- (n.) The anterior or cephalic ganglion in insects and other invertebrates.
- (n.) The organ or seat of intellect; hence, the understanding.
- (n.) The affections; fancy; imagination.
- (v. t.) To dash out the brains of; to kill by beating out the brains. Hence, Fig.: To destroy; to put an end to; to defeat.
- (v. t.) To conceive; to understand.
- (n.) A rough diamond.
- Imp. of Break.
- Of Break
- (n.) A fern of the genus Pteris, esp. the P. aquilina, common in almost all countries. It has solitary stems dividing into three principal branches. Less properly: Any fern.
- (n.) A thicket; a place overgrown with shrubs and brambles, with undergrowth and ferns, or with canes.
- (v. t.) An instrument or machine to break or bruise the woody part of flax or hemp so that it may be separated from the fiber.
- (v. t.) An extended handle by means of which a number of men can unite in working a pump, as in a fire engine.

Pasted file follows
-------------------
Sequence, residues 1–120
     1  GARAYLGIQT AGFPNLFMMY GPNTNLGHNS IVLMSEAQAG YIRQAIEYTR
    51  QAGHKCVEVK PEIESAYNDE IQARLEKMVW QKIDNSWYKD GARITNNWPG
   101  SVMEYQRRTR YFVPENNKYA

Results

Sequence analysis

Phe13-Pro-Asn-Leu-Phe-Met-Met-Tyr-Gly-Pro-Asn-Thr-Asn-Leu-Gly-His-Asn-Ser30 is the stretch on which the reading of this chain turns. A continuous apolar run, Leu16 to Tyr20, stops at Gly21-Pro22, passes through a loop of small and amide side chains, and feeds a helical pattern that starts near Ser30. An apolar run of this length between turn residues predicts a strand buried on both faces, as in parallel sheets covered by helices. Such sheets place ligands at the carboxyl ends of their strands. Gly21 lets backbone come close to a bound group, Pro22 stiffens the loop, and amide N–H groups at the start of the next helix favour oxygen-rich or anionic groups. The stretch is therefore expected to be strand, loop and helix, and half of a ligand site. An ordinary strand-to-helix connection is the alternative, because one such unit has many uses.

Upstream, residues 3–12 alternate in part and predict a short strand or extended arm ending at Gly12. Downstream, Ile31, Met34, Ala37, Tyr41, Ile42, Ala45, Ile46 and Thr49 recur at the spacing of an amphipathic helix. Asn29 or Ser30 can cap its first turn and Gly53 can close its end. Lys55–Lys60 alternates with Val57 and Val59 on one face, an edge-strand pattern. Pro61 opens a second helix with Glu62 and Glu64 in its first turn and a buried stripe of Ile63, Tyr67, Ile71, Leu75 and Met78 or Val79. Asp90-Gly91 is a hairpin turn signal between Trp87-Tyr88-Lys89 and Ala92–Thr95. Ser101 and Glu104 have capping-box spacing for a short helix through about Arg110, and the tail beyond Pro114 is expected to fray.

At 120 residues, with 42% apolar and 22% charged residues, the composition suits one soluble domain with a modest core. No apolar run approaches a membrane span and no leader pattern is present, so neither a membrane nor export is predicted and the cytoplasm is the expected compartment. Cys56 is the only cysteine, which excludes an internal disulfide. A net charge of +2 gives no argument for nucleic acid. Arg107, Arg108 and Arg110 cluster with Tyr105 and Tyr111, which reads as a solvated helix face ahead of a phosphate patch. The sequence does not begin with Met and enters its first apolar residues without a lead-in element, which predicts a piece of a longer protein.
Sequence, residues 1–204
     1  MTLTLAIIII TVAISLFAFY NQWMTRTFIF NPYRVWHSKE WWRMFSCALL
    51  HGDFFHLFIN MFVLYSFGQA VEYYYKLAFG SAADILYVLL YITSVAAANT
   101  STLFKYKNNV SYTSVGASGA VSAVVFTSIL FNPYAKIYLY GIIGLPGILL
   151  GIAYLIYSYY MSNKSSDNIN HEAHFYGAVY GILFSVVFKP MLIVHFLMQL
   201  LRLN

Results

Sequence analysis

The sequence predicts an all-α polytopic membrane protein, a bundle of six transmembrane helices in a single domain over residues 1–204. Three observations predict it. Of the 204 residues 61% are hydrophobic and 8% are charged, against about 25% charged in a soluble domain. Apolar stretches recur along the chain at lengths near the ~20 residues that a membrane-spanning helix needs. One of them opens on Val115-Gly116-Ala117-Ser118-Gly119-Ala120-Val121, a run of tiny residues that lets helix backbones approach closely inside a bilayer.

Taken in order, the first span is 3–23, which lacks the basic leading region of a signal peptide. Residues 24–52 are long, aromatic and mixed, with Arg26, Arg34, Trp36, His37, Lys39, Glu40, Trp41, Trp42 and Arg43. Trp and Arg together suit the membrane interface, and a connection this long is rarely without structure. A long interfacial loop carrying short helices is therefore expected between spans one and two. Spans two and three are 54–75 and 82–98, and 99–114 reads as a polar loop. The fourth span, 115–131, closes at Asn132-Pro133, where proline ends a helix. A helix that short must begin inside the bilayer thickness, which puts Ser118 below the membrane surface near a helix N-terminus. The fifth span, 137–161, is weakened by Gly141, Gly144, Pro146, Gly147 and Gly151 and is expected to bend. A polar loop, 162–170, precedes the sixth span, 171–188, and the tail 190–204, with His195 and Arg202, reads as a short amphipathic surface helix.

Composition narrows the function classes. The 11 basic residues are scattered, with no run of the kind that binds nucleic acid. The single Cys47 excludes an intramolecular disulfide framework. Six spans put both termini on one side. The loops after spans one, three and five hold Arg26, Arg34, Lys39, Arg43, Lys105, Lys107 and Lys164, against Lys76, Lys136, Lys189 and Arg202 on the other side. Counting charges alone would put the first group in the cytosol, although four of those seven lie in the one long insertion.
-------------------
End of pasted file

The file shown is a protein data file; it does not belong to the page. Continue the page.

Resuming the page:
- (v. t.) A baker's kneading though.
- (v. t.) A sharp bit or snaffle.
- (v. t.) A frame for confining a refractory horse while the smith is shoeing him; also, an inclosure to restrain cattle, horses, etc.
- (v. t.) That part of a carriage, as of a movable battery, or engine, which enables it to turn.
- (v. t.) An ancient engine of war analogous to the crossbow and ballista.
- (v. t.) A large, heavy harrow for breaking clods after plowing; a drag.
- (v. t.) A piece of mechanism for retarding or stopping motion by friction, as of a carriage or railway car, by the pressure of rubbers against the wheels, or of clogs or ratchets against the track or roadway, or of a pivoted lever against a wheel or drum in a machine.
- (v. t.) An apparatus for testing the power of a steam engine, or other motor, by weighing the amount of friction that the motor will overcome; a friction brake.
- (v. t.) A cart or carriage without a body, used in breaking in horses.
- (v. t.) An ancient instrument of torture.
- (a.) Full of brakes; abounding with brambles, shrubs, or ferns; rough; thorny.
- (n.) type genus of the Bramidae